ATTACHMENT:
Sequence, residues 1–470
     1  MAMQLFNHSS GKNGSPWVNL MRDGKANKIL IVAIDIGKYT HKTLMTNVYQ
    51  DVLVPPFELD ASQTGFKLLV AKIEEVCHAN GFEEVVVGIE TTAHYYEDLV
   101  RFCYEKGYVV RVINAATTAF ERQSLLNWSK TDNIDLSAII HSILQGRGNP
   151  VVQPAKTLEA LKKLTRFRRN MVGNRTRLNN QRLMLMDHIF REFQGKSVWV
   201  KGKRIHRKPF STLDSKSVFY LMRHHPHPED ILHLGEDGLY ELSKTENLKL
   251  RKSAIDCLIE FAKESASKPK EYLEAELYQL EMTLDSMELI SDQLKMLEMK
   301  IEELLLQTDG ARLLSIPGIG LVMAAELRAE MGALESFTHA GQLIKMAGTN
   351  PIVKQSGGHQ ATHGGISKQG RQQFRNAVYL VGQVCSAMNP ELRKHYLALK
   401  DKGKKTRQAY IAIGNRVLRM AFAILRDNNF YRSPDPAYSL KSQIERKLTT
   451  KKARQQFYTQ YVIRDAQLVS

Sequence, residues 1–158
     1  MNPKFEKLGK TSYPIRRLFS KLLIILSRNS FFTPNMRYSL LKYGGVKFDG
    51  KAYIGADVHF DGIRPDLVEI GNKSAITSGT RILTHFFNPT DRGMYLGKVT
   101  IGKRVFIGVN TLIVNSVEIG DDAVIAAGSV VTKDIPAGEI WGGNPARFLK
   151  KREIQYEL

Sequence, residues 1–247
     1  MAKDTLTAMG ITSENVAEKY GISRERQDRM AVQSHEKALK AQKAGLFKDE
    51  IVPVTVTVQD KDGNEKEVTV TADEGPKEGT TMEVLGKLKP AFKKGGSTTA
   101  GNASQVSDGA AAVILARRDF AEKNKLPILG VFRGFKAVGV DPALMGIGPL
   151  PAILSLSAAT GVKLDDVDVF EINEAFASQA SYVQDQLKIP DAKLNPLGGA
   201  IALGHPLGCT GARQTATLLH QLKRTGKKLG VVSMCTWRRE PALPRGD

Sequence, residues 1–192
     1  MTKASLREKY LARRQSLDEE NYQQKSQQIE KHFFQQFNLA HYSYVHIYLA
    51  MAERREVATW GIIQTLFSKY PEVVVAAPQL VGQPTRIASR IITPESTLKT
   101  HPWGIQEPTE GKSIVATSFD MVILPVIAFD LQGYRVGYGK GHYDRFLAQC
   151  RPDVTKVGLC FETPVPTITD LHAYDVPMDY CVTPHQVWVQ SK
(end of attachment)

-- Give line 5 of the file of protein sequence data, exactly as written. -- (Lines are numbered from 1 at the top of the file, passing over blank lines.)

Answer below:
   151  VVQPAKTLEA LKKLTRFRRN MVGNRTRLNN QRLMLMDHIF REFQGKSVWV